Singh and Milner-Gulland studied the Saiga antelope, Saiga tatarica, a migratory ungulate found in Kazakhstan. The antelope has suffered a 95% population reduction in recent decades but is now the focus of conservation efforts. Aerial monitoring data of antelope movement over the past 25 years and rainfall, temperature, and vegetation data were used to understand the factors influencing antelope spring distribution patterns (the period when calving takes place and which is therefore critical for population viability). This knowledge is then applied to predict the location of future suitable spring habitats under scenarios of further climate change and to suggest likely locations for future protected areas for the antelope.

    J. Appl. Ecol. 48, 35 (2011).

  5. Physics

    Filling in Gaps

    1. Jelena Stajic

    Since the discovery of iron-pnictide superconductors 3 years ago, considerable progress has been made in understanding their properties, but the basic mechanism of pairing responsible for superconductivity has yet to be agreed on. The momentum-space structure of the superconducting gap has the potential to shed light on this important question, and one of the most reliable ways to extract it is angle-resolved photoemission spectroscopy (ARPES). So far, ARPES has been used to map the superconducting gap in the momentum plane corresponding to the parallel layers of FeAs in these compounds; now, Xu et al. use variable-energy ARPES to probe the three-dimensional gap function in a representative compound Ba0.6 K0.4Fe2As2. On all five Fermi surfaces, they find a nodeless gap function that disperses in the c-axis direction and is characterized by a single pair of energy scales, one corresponding to intra- and the other to interlayer coupling. Intriguingly, the ratio of these energy scales (the gap anisotropy) is similar to the ratio of magnetic exchange couplings in the corresponding directions, suggesting that antiferromagnetic fluctuations may be driving the pairing in this compound.

    Nat. Phys. 7, 10.1038/nphys1879 (2011).

  6. Climate Science

    Seasonal Sink

    1. H. Jesse Smith

    It is widely understood that the Southern Ocean (all of the ocean south of about 30°S latitude) is a net sink for atmospheric CO2, but estimates of how much CO2 it removes from the atmosphere vary widely, mostly due to a lack of sufficient observational constraints, particularly in the Southern Pacific. In order to quantify and characterize CO2 uptake in that region, Barbero et al. measured CO2 partial pressure and a variety of other parameters related to CO2 dynamics in the surface ocean of the Pacific Subantarctic Zone (approximately 40°S to 55°S) on four cruises conducted between 2004 and 2006 and with instruments on surface drifters. From these measurements, they were able to describe the variability in air-sea CO2 exchange on a basin-wide scale, as well as the relationships observed between CO2 parameters, ocean mixed-layer depth, and temperature—information that helped them construct a better dynamical picture of the CO2 exchange occurring there. They found that the Pacific Subantarctic Zone is a CO2 sink during spring and summer and is close to equilibrium or is a weak source during the winter. On an annual basis, the Pacific Subantarctic Zone is a sink for atmospheric CO2 but a weaker one than previously suggested. More of this type of work is needed to determine the finer-scale details of CO2 uptake by the Southern Ocean.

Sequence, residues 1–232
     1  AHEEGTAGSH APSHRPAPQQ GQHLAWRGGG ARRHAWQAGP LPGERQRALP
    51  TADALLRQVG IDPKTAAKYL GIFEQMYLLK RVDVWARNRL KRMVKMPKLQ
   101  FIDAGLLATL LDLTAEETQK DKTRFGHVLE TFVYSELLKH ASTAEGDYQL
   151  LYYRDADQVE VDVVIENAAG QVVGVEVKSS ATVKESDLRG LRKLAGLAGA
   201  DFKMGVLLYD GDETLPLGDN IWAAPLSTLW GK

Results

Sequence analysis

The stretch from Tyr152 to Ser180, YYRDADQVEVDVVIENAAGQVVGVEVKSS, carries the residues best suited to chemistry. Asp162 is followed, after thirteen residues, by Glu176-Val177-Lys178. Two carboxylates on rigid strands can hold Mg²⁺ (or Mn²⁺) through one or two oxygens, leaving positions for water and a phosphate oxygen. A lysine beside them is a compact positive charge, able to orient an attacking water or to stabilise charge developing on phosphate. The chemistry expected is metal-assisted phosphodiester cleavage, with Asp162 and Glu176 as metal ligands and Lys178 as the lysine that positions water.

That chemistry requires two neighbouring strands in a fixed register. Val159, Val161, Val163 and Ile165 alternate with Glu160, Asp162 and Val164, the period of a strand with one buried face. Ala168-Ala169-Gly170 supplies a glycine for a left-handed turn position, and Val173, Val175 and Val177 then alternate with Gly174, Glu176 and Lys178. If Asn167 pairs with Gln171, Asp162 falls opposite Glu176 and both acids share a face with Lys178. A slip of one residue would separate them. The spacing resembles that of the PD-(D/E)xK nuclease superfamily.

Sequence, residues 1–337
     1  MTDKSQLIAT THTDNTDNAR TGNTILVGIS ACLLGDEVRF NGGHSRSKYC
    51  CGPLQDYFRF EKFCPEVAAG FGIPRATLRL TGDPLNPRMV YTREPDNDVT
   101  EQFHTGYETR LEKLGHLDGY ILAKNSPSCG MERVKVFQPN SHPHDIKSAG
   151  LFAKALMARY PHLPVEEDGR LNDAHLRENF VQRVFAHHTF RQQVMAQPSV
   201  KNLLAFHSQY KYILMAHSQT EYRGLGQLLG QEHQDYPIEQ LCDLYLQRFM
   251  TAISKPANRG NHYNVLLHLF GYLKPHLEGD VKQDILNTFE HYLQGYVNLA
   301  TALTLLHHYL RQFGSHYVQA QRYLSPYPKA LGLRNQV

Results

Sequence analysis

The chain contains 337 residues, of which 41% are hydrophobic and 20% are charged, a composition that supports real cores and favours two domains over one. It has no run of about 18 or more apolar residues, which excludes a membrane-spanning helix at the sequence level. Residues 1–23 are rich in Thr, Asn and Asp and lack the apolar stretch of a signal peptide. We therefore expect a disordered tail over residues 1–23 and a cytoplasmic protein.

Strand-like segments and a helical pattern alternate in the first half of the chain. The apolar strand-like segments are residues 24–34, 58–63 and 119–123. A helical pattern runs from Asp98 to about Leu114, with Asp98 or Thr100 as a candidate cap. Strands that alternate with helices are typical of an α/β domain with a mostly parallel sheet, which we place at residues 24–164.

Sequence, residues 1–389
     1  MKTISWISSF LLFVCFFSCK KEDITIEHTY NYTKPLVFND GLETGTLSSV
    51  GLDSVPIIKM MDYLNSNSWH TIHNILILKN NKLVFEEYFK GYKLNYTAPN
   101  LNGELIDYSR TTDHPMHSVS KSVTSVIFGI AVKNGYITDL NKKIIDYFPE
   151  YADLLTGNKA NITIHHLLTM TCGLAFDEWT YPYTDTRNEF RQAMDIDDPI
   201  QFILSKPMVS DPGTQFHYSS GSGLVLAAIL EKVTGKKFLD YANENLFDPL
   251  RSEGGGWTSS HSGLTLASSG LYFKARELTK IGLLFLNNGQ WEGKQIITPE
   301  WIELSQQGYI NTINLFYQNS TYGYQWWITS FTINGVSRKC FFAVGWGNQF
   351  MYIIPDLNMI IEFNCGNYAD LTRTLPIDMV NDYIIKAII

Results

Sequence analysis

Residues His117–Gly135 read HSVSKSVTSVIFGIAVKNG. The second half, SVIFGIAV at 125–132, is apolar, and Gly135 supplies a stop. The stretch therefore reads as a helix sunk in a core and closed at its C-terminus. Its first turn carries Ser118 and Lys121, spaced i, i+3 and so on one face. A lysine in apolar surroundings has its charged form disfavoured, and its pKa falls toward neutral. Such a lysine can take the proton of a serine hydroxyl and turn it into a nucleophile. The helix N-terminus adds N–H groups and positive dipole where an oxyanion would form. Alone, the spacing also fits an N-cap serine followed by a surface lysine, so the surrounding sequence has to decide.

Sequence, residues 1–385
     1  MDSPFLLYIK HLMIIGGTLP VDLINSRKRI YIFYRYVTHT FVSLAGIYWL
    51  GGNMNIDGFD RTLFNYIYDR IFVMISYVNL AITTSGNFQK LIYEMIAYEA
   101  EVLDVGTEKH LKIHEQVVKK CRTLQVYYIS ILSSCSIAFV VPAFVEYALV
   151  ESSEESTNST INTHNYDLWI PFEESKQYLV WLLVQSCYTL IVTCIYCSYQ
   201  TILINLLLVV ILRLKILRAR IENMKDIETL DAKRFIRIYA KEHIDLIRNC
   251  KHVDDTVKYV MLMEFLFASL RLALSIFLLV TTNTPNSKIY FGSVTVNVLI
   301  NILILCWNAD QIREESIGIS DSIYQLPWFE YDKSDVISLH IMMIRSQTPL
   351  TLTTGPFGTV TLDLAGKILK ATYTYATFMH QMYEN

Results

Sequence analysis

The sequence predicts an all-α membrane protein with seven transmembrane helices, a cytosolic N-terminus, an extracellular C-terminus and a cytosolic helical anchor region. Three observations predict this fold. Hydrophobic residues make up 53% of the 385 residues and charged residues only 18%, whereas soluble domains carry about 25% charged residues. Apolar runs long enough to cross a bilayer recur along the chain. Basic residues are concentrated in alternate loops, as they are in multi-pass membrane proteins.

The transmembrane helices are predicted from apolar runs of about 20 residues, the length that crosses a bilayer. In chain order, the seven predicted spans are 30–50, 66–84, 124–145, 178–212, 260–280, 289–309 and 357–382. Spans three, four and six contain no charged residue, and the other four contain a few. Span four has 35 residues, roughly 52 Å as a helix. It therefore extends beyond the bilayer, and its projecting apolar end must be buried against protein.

Global Biogeochem. CyC. 25, 10.1029/2010GB003818 (2011).

  7. Development

    Anther Development Dissected

    1. Laura M. Zahn

    Anthers are the male reproductive organ of flowering plants. Unlike in animals, they originate from somatic tissue, of which a small subset of cells undergoes meiosis and develops into pollen. Kelliher and Walbot used confocal microscopy to dissect the developmental stages of the maize anther (located in the tassel at the top of the plant) to provide a timeline of anther development and maturation, from organ initiation to pollen release. They found that cell growth was regulated by neighboring tissues and that cells within the same tissue grew at different rates and within different dimensions. Of interest, although cell sizes differed, cells of similar size clustered together. This indicates that cells of the same genetic origin may undergo synchronous division. These observations are in contrast to existing models, which suggest that anthers develop through growth waves. Future studies are needed to determine the mechanisms that regulate the asymmetrical growth in neighboring cells of the same tissue, and what its function may be.

    Dev. Biol. 350, 32 (2011).